I have recently become aware of a proposed industrial park to be developed in the Hazelmere Valley in South Surrey. I am both horrified and saddened by the thought that this fertile valley may be transformed by yet another sprawling industrial development along with the additional traffic that will ensue.
The potential for farming in this region is immense. With many places in the world that we now rely on for food being seriously affected by devastating drought and other climate-caused challenges, we will need to rely more and more on our own arable land for food production.
At the rampant rate of development throughout the entire Metro Vancouver region, this does not seem to be a consideration of most civic governments.
Forests and meadowlands are being scraped away daily in my home city of Surrey, along with other areas throughout the region to make way for expansive housing, commercial and industrial developments, with little thought given to integrating green space, so vital to our health and well-being.
From what I observe, Surrey in particular seems to be focused on development as the main source of income with little or no thought given to quality of life now and into the future.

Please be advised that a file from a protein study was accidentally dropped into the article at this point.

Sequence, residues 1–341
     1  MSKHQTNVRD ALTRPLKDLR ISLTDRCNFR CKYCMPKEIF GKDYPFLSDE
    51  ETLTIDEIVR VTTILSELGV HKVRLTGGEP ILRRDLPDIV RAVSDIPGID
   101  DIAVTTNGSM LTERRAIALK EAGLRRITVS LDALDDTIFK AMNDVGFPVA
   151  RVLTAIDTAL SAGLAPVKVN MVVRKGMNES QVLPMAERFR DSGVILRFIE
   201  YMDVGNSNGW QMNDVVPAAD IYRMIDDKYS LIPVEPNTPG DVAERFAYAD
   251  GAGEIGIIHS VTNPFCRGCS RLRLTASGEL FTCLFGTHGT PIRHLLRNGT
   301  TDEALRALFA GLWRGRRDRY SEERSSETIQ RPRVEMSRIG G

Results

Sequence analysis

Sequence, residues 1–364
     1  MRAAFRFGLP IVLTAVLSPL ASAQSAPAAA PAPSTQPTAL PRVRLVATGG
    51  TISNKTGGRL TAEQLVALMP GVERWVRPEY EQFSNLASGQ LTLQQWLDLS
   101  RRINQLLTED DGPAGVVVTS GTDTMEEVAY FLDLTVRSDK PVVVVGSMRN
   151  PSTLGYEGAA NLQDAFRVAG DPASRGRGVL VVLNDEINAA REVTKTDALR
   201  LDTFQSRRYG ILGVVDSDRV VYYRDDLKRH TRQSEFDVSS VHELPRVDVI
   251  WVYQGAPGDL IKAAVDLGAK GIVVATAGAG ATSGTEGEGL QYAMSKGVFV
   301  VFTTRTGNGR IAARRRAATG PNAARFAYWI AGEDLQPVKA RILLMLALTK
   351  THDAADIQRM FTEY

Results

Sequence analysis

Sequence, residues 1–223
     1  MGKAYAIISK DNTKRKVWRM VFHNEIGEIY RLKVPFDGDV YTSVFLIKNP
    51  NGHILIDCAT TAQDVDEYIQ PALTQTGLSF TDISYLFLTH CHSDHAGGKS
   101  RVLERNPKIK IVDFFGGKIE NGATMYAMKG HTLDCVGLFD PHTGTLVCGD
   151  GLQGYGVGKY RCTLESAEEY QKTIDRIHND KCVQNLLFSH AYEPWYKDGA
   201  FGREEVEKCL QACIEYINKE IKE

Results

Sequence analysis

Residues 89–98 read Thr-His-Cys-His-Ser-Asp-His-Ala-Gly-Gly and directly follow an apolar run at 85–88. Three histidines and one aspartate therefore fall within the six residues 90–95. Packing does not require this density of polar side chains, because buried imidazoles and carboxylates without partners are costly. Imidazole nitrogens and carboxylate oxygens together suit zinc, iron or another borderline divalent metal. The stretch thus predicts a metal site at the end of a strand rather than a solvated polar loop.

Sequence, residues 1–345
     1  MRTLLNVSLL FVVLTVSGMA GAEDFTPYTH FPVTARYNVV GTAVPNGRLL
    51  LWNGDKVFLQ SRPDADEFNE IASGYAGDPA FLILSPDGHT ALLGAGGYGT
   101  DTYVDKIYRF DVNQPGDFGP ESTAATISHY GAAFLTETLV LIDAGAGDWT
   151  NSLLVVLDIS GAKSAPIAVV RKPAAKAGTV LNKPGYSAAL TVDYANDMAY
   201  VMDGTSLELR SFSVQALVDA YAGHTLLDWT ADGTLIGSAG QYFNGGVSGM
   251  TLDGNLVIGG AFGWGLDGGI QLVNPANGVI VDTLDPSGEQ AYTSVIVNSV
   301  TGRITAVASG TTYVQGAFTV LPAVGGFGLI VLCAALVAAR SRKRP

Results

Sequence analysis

We need to start considering green space as a valuable asset rather than a space to fill with buildings, pavement and traffic.
In my opinion, developers seem to have free rein. I believe many in Surrey feel this way but are not speaking out.
I advise people who may not be familiar with the impact these expansive industrial parks have on the landscape and natural environment in general, to drive to 32 Avenue and 192 Street, as one example, at peak times – between 3 and 5 p.m. – and ask themselves if this is what they want in Hazelmere.
The Fraser Valley has become a magnet for people from all over the world with its temperate climate and beautiful natural setting.
The irony is that the influx of people, as well as the current development model, is threatening the very qualities of life that attract people in the first place.
I think we need to seriously come together as a community and entire region and re-evaluate what we want for our future. The endless urban sprawl of cities like Los Angeles and San Francisco, extending hundreds of miles in all directions, barren and stripped of the productive fruit orchards, farms, ranches and forests that once covered the same hillsides, or a balanced region and province that preserves and supports agriculture and sees the need for green space equally incorporated into all development going forward.
Unfortunately, at the current time, I see the former becoming a very real possibility. I encourage others who have concerns to express their views.
There are still areas of natural beauty and abundance in the valley, but they are disappearing fast. Our voices matter.
Dorothy Danielson, Surrey